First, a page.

Math teachers also incorporate different learning styles and abilities into the classroom by presenting material in ways atypical of the traditional blackboard lecture and pen-and-paper practice. Geometers give students Tango toys to help them discover the relationships between shapes for themselves and through hands-on play activity or have students read novels, such as Flatland: A Romance of Many Dimensions. Students are asked to draw their own tessellating shapes and display the art in the classroom. Instructors show students how to build three-dimensional geometric kites or origami in order to lead into discussions the physics of flight or modular math. Other teachers allow individual students or small groups to research a topic on their own and then present the material to the rest of class. While building the research and public speaking skills of children, this method also helps students to realize what they do not know about their topic during the presentation stage. Through reflective inquiry facilitated by the teacher, students can identify for themselves how their research or presentation skills need to be improved for future endeavors. In addition, students may possess unique insights into the material that other students will appreciate and the instructor may not have otherwise presented. Some teachers also have students write self-analyses to help both teacher and student properly identify where the student, teacher and curriculum are lacking. By integrating methods (e.g., reading, writing, drawing, building, public speaking, playing music) and topics (science, economics, music, art, etc.) traditionally used in other classrooms, math teachers can help students to build upon existing problem-solving skills while exhibiting real-world applications of mathematics to other subject areas.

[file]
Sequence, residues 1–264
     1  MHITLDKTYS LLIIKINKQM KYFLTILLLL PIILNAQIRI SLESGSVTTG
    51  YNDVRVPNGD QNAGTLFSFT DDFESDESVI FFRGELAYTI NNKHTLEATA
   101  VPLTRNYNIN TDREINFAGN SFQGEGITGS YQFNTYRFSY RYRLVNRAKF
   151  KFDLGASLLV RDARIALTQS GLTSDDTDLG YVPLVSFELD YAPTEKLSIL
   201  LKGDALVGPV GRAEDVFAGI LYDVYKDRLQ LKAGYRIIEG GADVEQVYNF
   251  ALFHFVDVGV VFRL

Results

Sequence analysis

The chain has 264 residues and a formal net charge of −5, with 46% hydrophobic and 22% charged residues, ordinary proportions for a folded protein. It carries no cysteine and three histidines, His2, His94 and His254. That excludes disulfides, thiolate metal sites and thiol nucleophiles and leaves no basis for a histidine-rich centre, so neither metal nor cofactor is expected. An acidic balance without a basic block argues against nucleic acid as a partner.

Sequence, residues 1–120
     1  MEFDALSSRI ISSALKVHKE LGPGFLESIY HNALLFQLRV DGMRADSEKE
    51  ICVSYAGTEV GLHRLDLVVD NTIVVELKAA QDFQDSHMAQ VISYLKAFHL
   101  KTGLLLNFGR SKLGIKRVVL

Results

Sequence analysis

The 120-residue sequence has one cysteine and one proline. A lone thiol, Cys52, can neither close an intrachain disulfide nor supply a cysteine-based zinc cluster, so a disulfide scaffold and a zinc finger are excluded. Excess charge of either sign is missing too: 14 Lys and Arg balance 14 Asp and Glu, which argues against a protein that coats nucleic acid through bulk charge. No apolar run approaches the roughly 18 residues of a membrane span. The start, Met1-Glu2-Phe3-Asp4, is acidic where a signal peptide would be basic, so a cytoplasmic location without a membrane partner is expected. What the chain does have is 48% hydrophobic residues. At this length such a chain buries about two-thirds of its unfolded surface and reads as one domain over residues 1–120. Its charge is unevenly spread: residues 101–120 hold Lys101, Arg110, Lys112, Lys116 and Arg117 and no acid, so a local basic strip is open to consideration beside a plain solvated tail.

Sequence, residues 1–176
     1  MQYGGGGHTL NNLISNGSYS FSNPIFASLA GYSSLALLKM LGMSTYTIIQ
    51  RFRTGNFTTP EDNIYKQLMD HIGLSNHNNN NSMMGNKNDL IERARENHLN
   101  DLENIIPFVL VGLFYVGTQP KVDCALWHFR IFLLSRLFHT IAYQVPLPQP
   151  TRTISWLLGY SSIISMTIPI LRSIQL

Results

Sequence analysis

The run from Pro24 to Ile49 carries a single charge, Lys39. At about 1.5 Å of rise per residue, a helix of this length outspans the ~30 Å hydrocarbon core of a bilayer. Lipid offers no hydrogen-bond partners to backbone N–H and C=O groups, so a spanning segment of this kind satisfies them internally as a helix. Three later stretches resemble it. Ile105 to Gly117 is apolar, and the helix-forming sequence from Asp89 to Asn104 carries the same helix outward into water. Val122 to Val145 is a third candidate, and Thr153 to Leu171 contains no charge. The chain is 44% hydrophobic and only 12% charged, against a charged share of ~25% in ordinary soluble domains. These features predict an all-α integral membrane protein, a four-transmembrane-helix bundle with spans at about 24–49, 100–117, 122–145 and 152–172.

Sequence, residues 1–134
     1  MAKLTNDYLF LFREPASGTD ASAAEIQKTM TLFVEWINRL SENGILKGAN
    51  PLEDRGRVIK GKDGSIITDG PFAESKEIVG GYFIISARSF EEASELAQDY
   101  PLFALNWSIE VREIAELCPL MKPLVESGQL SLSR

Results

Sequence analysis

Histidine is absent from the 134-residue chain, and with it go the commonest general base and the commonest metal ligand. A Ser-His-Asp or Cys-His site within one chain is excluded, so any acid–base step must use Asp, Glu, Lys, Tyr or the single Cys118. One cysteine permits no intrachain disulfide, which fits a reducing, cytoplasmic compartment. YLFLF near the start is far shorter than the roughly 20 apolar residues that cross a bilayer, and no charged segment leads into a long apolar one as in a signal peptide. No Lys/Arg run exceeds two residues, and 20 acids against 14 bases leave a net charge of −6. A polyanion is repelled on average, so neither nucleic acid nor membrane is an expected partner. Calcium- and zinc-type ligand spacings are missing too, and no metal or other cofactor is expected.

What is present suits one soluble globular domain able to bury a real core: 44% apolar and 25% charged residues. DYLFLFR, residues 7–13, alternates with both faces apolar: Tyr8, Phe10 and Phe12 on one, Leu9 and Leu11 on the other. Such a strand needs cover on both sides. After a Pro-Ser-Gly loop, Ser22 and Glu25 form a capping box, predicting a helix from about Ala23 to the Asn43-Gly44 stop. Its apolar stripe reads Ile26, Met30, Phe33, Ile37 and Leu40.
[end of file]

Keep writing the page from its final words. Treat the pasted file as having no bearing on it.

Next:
Regarding the philosophical approach to the inclusion of all types of students in the classroom, the most important ideas to take from progressivism are pragmatism, empiricism, democracy and egalitarianism. However, as public schools are the defense of democracy in society as a whole, teachers must also employ reconstructive practices of critical inquiry and activism to empower students as instruments of social change and rightful heirs to civic duty. Also, through the application Eastern philosophical ideas, individual responsibility, self-determination and self-reliance can be cultivated in future generations. Teachers themselves must learn to be mindful of hidden and null curriculums as well as gaps in messages sent to and received by students, so that inequalities will not be tacitly perpetuated by their curriculum. Most importantly, though, educators must always be mindful of ways to link the study of mathematics to the students’ home lives. Progressive teachers can relate math skills to pay checks, interest accumulation, price-per-unit comparisons, building a house, filling a swimming pool, etc. Critical pedagogs may problematize situations and discuss the mathematics behind pay inequities, gender/race performance differences, taxation, welfare programs or even the No Child Left Behind Act.